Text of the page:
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Topic: How to keep tabs on cancer=

Forum: For Family & Caregivers of Loved Ones With a STAGE IV Diagnosis —

A place where family members, caregivers, and loved ones of people having a Stage IV (metastatic) diagnosis can share, discuss, and support one another through the tough times unique to this diagnosis.

Posted on: May 31, 2019 07:55PM

MexicanMary wrote:

Hi guys!


I have a question for you. In your experience, how do you keep tabs on cancer? When mom was asked to get a CT xray for her spinal column, the cancerous destruction (or apparent cancerous destruction of the T10) appeared. I am still hesitant because she did fell down two flights of stairs twice in 18 months, so I do not know if this is residual damage of that or not. In any case, it prompted that we looked for help and got the PET scan, which showed odd behavoir on many cells around her skeleton, lungs, medial line. and liver. The Oncologist that was treating her (surgical oncologist) said that it wasn't right, that the only ones that made noise to him were the damage on t10 and the liver.

I promise I have a point. Mom has always been anemic. there is no real reason for her anemia, but the hospital at one point allowed her to reach 4 in iron; let me tell you that a cadaver has 3 in iron that is how bad mom's anemia was. so I took her to a private doctor who recovered her. That is how we learned about the problem with her liver. She has been taking care of it for several years and, a funny thing happened in the PET scan. the PET found it with problems and big. and the matching CT (the one they do to cross examine the findings of the PET) found it normal and shrunken.

Anyway, we have started the radio therapy process for the t10, regardless of whatever it is that has happened I trust that radio therapy will help her heal. I am also providing her with proper calcium fixing and bone fracture mending nutrition. But the radio therapist said that in 4 months after the therapy, I should have her undergo a new PET scan. I found it odd (specially when he said that he could get me a better deal) because I believe that you should not submit yourself to radioactive materials so often.

So here is my point. what do you do? A CT radiography eveyr six months? every year? a bone gamma gram? She had neither a problem of severe pain., right now she is very tired all the time, but that could also be her anemia. . . or the most recent fall, she slipped on soapy water. her falls are distractions, rather than motor problems.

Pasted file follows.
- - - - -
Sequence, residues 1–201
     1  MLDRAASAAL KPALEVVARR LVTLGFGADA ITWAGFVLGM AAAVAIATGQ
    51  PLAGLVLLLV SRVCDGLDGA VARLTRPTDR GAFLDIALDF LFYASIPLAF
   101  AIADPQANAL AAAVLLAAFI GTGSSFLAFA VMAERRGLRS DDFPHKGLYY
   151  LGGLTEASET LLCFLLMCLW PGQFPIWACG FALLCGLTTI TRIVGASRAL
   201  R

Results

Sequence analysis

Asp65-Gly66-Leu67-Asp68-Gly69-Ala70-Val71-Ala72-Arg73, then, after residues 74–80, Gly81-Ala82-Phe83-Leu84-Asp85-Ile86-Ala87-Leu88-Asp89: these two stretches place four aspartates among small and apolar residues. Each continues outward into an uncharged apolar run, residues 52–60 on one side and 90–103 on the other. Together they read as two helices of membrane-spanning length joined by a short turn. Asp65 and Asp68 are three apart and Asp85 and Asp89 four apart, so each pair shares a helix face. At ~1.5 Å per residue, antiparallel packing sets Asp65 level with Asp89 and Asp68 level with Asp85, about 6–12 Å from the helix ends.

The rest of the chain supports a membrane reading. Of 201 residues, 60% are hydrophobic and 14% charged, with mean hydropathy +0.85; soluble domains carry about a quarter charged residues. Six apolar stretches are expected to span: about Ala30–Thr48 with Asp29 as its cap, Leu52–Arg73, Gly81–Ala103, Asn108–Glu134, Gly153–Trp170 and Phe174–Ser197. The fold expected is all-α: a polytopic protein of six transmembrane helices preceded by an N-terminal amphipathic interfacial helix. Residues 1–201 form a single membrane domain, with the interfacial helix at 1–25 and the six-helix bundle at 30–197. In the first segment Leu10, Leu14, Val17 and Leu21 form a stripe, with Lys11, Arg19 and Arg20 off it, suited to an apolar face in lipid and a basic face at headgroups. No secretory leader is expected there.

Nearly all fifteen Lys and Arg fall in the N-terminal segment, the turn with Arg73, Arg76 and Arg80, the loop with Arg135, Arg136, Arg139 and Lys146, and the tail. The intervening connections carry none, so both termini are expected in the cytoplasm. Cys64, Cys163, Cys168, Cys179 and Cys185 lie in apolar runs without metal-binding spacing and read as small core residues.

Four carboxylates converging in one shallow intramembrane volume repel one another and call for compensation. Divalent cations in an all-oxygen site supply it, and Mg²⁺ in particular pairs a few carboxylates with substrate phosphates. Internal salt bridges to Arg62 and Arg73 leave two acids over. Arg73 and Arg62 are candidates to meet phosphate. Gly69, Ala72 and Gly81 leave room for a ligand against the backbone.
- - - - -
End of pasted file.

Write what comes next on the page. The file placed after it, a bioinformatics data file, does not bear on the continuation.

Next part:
I am sorry if I am rambling too much. The focus thing here is what do you do to keep tabs on cancer on your loved one? radiographies? anyother radioactive means? Tumoral markers?

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Jun 3, 2019 05:35PM LoriCA wrote:

Sorry it took so long for someone to respond to you MexicanMary, and I'm sorry to hear about your mom. I think you'll find that most of us Stage IV people do get scans on a regular basis to monitor for progression and response to treatments. There seems to be varying opinions on how often - some get a PET/CT scan quarterly to monitor, my oncologist doesn't like to do them that often so he only orders PET/CT scans to gauge response to a new treatment and when I have any concerning symptoms that might indicate progression. Depending on where in my body the concern is, I also get MRIs. I recently completed an extensive course of radiation and after enough time passed I had both an MRI and a PET/CT because they show two different things, and I had two PET/CTs in the months before radiation - one to confirm suspected progression and one to confirm that it wasn't responding to chemo, so in 8 months I had 3 PET/CT and one MRI. Some oncologists also monitor tumor markers, but if the markers start rising the oncologist will order a scan to see what's going on.